Germany's domestic intelligence service identified the Democratic Union Party (PYD) and the People's Protection Units (YPG) as the affiliates of the PKK terrorist group and a threat to internal security.
According to a report published by the interior ministry of northern Schleswig-Holstein state, the PYD was called a sister organization of the PKK, while the YPG was interpreted as one of its Syrian offshoots.
The report, which focused on the 2017 activities of illegal and terrorist organizations within Germany, said that the PYD had no separate presence in the state of Schleswig-Holstein but rather acted in line with a pro-PKK association in Kiel.
The report underlined that the PKK has been considered an illegal organization in Germany since November 1993, adding that it was also added to the EU terror list in 2002.
The intelligence report also gave details about previously organized pro-PKK rallies such as celebrations for PKK leader Abdullah Öcalan's birthday or the terror group's founding anniversary, suggesting that the organization is seeing Germany as a shelter and financial center.
"With a round of annually recurring events, the PKK retains its followers and spreads organizational propaganda," the report said, adding that German law regarding the ban of PKK symbols was frequently disregarded.
"Several meetings ended in disarray when police intervened against the display of forbidden symbols," it said.
"Of the approximately 800,000 ethnic Kurds living in Germany, 14,500 people - 700 of them in Schleswig-Holstein - are permanent supporters of the PKK," the report said, adding that the terror group is active almost nationwide in various clubs, especially within the umbrella organization NAV-DEM.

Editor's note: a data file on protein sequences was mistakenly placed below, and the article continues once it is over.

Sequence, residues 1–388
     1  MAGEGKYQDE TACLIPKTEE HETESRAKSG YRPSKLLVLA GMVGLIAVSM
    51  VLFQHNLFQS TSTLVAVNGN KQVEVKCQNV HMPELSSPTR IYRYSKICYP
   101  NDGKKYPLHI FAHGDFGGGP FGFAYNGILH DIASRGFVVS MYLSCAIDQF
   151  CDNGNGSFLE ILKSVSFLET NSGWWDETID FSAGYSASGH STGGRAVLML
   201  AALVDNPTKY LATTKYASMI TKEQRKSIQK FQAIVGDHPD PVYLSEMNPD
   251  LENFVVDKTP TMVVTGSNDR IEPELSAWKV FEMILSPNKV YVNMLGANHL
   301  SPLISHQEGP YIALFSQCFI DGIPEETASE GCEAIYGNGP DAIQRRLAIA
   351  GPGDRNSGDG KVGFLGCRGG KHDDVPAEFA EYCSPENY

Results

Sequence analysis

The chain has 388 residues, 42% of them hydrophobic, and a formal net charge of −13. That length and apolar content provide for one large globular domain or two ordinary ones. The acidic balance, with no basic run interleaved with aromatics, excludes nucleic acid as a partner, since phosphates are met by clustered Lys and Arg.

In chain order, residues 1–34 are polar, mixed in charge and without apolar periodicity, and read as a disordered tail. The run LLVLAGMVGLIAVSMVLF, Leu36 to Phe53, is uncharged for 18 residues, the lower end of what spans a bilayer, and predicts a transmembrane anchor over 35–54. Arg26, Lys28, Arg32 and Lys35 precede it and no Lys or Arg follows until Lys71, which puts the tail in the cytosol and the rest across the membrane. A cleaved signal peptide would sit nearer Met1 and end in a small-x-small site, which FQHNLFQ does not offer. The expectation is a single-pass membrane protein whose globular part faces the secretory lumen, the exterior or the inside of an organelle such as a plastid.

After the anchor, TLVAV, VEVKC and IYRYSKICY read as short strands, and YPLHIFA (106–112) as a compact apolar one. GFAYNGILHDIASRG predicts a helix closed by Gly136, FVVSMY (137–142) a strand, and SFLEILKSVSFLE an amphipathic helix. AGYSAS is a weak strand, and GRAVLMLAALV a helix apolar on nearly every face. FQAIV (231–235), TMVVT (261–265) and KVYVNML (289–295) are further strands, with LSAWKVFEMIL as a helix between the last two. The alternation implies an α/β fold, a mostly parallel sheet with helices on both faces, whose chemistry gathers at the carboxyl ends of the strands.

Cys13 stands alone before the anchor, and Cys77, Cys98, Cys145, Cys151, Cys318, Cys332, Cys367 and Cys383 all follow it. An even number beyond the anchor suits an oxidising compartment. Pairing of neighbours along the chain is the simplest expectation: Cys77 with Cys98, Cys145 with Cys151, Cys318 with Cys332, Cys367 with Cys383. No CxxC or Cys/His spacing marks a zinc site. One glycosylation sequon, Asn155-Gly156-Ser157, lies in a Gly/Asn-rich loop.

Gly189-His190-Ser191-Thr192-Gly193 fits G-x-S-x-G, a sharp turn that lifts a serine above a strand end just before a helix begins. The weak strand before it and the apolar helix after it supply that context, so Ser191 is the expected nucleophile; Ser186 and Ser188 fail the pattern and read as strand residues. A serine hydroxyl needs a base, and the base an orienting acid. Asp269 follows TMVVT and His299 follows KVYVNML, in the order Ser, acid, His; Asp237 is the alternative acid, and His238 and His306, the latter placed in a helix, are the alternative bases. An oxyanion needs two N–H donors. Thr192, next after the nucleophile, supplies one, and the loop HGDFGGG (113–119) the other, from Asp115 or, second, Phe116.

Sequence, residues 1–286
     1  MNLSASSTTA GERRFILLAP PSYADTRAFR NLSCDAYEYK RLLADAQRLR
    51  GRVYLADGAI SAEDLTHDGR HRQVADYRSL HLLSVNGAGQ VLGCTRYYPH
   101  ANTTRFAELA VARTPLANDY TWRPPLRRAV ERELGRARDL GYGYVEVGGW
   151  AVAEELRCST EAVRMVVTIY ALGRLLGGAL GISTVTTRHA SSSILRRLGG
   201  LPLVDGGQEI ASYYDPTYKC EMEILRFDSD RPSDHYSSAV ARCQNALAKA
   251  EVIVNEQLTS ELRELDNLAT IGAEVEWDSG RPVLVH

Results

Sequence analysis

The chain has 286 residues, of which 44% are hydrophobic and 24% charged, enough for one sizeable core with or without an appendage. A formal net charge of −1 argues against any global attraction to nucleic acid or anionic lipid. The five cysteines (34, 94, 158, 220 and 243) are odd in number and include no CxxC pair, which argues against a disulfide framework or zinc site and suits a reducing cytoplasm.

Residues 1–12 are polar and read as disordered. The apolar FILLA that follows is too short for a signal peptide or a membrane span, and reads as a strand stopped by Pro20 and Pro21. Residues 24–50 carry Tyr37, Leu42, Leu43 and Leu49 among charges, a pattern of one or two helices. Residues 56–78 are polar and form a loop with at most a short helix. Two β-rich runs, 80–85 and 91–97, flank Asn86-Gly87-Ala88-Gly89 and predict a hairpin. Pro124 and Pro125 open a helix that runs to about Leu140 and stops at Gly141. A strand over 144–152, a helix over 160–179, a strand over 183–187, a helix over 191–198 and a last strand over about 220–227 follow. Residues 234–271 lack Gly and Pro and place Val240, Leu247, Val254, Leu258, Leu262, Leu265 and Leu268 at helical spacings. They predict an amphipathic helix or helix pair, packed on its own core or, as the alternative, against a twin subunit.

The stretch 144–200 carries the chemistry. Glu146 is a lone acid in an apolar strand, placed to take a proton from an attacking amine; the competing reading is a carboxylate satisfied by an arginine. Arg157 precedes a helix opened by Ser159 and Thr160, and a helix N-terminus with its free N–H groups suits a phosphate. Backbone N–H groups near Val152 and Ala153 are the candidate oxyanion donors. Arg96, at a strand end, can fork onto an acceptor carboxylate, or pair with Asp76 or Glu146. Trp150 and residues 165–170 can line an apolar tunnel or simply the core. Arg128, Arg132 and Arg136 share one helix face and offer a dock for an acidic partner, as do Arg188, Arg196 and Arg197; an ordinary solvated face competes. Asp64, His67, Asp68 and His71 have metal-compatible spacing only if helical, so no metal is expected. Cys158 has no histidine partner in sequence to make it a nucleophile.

"The PKK in Germany has a conspiratorial and illegally-operating, hierarchical-structured official apparatus. After establishing an internal party system, Germany was divided into a total of 33 areas with each area having a regional official," the report elaborated.
The report also stated that PKK supporters no longer resort to violence since it contradicts with their interests, saying that they prefer to be beneficial for the organization by collecting donations, making protests and getting organized, which troubles the domestic politics of Germany.
Turkey has long criticized German authorities for tolerating PKK activities in the country and has pressured Berlin to take stricter measures against the propaganda, recruitment and fundraising activities of the group.
The PKK, which is listed as a terrorist organization by Turkey, the U.S. and the EU, has waged a terror campaign against Turkey for more than 30 years and has been responsible for the deaths of nearly 40,000 people, including women and children.
Despite its international status as a terrorist organization, the PKK has enjoyed relative freedom in European cities and has a particularly strong presence in Germany. PKK supporters have been allowed to hold rallies, recruit militants and collect funds in Germany.
PKK supporters in Germany and other European countries have been lately attacking establishments of the Turkish community, raising security concerns for both Turks and Europeans.
In various incidents across Europe, Turkish schools, mosques and institutions have been targeted.
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